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Classical Chinese

Dates in Classical Chinese texts

If you study Classical Chinese texts (文言文), you’ll know that dates can be a little bit tricky. With that in mind, I’m attempting to put together a little guide to understanding dates in Classical Chinese texts.

The general format I’d give is this:

[dynasty] [emperor] [era name] [year] [month] [day]

Different texts will use various parts of this format, but the order should always be the same (please point out any exceptions if you know of them). The season quite often appears in dates as well, usually towards the end.

Dynasty

If given, the dynasty name will be first part of the date. If you study much imperial Chinese history (or classical Chinese texts, for that matter) you might already fairly familiar with this sequence, but here’s a quick run down. I’ve included the pre-Qin semi-mythical dynasties:

三皇五帝三國南北朝五代十國西夏

Names of dynasties that are more accurately given in several characters very often appear as a single character in Classical Chinese texts. This is often because the longer names are terms that were given to these dynasties later. Seeing one of these dynasty names if often a good indicator that you’re about to get a date (not that kind of date, Classical Chinese isn’t any good for that).

Emperor

If the dynasty name is given, it is almost always followed by the name of whoever was emperor at the time. As there are several emperors per dynasty there are too many to list here, but if you’ve studied Chinese history for a while the names of the emperors will at least be familiar, even if you don’t know much about them. The name of the emperor will likely be followed by 帝 (emperor) which makes things a bit easier.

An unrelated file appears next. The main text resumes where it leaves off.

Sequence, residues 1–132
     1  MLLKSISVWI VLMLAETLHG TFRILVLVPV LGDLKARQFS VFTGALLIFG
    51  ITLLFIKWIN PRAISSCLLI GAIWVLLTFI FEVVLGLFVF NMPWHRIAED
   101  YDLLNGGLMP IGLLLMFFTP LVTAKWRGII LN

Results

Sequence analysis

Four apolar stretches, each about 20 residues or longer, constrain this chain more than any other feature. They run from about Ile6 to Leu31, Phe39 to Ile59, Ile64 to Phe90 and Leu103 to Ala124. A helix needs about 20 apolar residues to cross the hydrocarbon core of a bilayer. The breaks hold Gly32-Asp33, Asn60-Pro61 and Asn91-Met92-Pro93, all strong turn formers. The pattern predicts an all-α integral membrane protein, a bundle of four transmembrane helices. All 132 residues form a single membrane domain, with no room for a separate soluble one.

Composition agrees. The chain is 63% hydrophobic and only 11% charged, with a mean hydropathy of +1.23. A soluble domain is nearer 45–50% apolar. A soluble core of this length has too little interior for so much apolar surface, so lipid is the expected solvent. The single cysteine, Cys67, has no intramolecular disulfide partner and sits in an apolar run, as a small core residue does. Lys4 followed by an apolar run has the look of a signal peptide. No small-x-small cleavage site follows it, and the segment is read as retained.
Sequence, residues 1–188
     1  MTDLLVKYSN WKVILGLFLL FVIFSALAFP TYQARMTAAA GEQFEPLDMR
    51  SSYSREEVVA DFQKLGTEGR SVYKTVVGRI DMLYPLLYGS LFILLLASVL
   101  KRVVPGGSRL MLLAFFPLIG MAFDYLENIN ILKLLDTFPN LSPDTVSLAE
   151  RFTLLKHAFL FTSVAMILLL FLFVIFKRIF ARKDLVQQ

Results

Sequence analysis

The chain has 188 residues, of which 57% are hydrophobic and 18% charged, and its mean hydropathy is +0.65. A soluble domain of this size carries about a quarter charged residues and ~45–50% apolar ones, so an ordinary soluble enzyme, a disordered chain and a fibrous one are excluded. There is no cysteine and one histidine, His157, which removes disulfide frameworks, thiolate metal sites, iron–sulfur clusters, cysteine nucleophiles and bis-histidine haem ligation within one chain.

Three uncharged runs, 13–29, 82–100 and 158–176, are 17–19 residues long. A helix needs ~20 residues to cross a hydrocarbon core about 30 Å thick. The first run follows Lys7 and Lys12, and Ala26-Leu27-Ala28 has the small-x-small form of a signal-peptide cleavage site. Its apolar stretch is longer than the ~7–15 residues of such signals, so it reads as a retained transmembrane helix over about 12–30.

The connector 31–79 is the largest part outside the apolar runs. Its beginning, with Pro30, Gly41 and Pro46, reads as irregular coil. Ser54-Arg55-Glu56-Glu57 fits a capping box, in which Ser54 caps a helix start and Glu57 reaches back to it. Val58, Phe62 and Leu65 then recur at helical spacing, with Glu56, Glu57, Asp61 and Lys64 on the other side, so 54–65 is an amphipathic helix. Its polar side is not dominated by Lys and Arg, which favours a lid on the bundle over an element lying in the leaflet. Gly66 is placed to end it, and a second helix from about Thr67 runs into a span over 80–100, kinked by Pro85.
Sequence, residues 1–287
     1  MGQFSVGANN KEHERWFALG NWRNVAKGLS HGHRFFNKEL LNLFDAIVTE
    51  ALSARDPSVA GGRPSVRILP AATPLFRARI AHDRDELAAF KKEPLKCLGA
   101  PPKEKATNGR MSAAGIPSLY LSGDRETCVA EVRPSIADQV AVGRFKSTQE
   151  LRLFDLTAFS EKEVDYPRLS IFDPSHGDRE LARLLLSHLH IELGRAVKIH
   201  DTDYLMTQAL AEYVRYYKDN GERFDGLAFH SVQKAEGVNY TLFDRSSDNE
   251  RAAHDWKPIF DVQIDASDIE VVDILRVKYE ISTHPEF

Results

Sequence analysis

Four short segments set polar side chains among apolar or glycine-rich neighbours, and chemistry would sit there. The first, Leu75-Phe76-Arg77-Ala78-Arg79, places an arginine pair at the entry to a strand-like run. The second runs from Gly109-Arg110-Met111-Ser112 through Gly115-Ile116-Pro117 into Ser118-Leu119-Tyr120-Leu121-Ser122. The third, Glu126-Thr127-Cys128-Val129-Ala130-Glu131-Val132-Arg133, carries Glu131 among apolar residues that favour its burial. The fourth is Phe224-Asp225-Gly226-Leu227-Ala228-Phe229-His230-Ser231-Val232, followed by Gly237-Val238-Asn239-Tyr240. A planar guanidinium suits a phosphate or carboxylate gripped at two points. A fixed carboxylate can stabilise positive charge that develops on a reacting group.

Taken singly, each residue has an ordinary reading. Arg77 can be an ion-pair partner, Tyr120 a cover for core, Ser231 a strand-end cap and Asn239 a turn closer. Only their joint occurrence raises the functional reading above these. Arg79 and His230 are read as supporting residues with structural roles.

Era name

After the dynasty and emperor, you usually get a reign period or era name (年號). These are horribly inconsistent. They start with 漢武帝 (Han Wudi) and then vary wildly between different dynasties and emperors. Some emperors have none, some have one, and some have several. They’re usually two characters, but again there are exceptions.

A new era name means that the sixty-year cycle resets back to year one, so the year part of a date is always counted from the beginning of the era name given. If no era name is given then it can be assumed that the sixty year cycle is counting from the beginning of that emperor’s whole reign (again, correct me in the comments if I’m wrong).

Era names tend to have good meanings or at least understandable ones. For example, 漢武帝’s first one was 建元 - “establishing the first”. The later Han emperor 漢桓帝 had an era called 建和 - “establishing peace”. You get the idea.

Year

You might think that the year would be simple, but unfortunately it isn’t. Years given in Classical Chinese texts work on the sixty-year cycle (六十花甲). How that works would make another post in itself, but a simple explanation is as follows:

There are two characters. Each year, both of these characters tick over to the next one in their respective sequence. The first sequence has ten characters:

→ 甲 → 乙 → 丙 → 丁 → 戊 → 己 → 庚 → 辛 → 壬 → 癸 → (return to go!)

And the second sequence has twelve:

→ 子 → 丑 → 寅 → 卯 → 辰 → 巳 → 午 → 未 → 申 → 酉 → 戌 → 亥 → (return to go!)

A common misconception is that the two characters work as a large and small unit, with the larger only ticking over when the smaller completes a cycle. That’s not how it works: both characters tick over every year (at Chinese New Year), it’s just that the sequence of the second character is longer, so you get 60 different year names out of this.